Practical Proverbial, from Philippians, 5 February 2020

Further, my brothers and sisters, rejoice in the Lord! It is no trouble for me to write the same things to you again, and it is a safeguard for you. Philippians 3:1 (EHV).

Why does Paul say “it is a safeguard for you?”  My Concordia says, “when serious error is present, there is safety in repetition.”

Tell them what you’re gonna tell them.   Tell them.   Then tell them what you told them.   That, and the law of seven.   If you’re flummoxed about what I’m saying, these are rules for public speaking.   If you want to reinforce a point, repeat it.   And if you want to ensure a listener remembers a point, repeat it at least seven times.   Paul did this in his letters.

In all of his letters except Philemon, Paul used this vehicle to reinforce points he had previously mentioned either in person or in his writings.  In those letters, Paul carefully outlined both positive behaviors to model and negative ones to avoid.  Flee from those who are immoral, impure, debauched; turn from ways of anger, envy, drunkenness, adultery, and more.  In doing those, watch God remake your heart and your life.  Model Jesus in how you show love, joy, peace, kindness and much, much more.  Right trumps might; Christ always prevails over evil.

Isn’t it safeguarding someone to keep encouraging them to follow Jesus instead of following the evil one?   To display those Galatians 5 fruits of the Spirit instead of trying in vain to find their own way in the world?   Isn’t it better, more loving, to mentor someone to display God’s qualities instead of those of an ungodly world in rebellion?  If we really care, shouldn’t we care for someone’s welfare right down to their soul?

If that takes telling them over and over about the basics, well, so much the better.

Fact is, in our world today, we live with serious error.   The horrors of abortion, war, crime, terrorism, division, disease, and so many more things demonstrate how fallen our world is; how there are innumerable things that are deadly wrong here on the Third Rock.  How separated we are from God while trying to do it all on our own.   Fact is, without someone to bridge the growing chasm, on our own, we’re damned.

It’s a good thing that there are people who will tell it like it is.   It’s a better thing that someone keeps encouraging us that we don’t have to fall into that chasm.   It’s a great thing that we have heroes of the faith to show the way.   And it’s the greatest thing in all history that Jesus bridged the chasm of our sins and saved us from ourselves.  That’s the truest safeguard of all.  I’ll gladly repeat that any time!

For further reading:   Galatians 5: 19-24, Philippians 3:2.

Lord Jesus, thank You for words You inspired into Paul.   Thank You that we get to still learn from them today, and for safeguarding our hearts and minds forever.

Practical Proverbial, from Philemon, 18 October 2019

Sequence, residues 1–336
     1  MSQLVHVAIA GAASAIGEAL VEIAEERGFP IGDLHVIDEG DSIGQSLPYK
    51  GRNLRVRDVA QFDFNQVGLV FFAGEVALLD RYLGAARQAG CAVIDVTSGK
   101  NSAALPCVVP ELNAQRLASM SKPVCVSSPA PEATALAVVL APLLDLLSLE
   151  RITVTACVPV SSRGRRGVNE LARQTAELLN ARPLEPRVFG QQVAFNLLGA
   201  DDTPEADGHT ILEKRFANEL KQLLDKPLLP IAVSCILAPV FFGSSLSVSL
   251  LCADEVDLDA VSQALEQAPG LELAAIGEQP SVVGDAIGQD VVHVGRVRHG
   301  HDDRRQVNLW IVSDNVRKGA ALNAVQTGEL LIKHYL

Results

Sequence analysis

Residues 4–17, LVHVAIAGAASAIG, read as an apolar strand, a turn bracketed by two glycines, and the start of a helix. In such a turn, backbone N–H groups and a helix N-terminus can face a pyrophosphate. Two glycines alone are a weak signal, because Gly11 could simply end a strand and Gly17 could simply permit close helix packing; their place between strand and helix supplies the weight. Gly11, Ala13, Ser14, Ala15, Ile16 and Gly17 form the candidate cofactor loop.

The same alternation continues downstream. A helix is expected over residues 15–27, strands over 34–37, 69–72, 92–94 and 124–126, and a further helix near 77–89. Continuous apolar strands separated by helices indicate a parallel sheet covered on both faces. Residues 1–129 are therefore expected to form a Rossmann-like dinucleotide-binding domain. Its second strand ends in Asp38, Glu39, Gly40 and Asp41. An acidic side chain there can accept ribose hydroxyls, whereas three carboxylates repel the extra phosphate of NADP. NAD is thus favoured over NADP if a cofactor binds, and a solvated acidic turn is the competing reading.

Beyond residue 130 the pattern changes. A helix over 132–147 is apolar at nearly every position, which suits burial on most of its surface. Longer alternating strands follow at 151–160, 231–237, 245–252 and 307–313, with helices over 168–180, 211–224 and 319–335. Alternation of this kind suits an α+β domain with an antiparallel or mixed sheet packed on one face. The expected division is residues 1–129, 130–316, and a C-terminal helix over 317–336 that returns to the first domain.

The grace of the Lord Jesus Christ be with your spirit.  Philemon 25. (EHV).

This is the end of the letter to Philemon.  As the writer of Madeline might have said, “that’s all there is.   There is no more.”   There doesn’t need to be.   We have sufficient information even as questions remain.

What happened with Philemon and Onesimus?  To be honest, we don’t know if Philemon freed Onesimus.   We don’t know if Onesimus actually went home.   It is possible that he is the man who became a bishop and was later martyred either by stoning or beheading under the Roman emperor Domitian.  Philemon, it is believed, also became a bishop, he in the church in Colosse.  Again, these are things that are not factually known but are believed throughout the church tradition.

What about Paul?  Not long after (within months, perhaps) he was martyred, likely beheaded at a spot just outside the city of Rome.  Paul knew this was coming, knew it was the likely outcome of his confinement.   Yet, knowing that, it’s profound that Paul ended his short letter by invoking the grace of Jesus to be with his friend.   Break that down and consider what Paul was actually saying. says that “grace” is “a manifestation of favor, especially by a superior.”   Paul invoked the favor of Jesus onto a man who he may have just alienated and angered.  He did it knowing that he, himself, would likely soon die the ignoble death of a criminal.   He did it knowing that Philemon might resent him, might reject him, might tell him to ‘butt out’ in spite of all the good things Paul had done in ministry.

Because that’s what love does.    Love doesn’t fail.   Love doesn’t give up, or live in anger, or harbor resentment.   The ultimate love in the universe was expressed on the cross through the grace and bleeding, dying love of Jesus.   It was in that love that Paul first wrote to Philemon, asking him to go beyond the world in which they lived and forgive a new brother believer.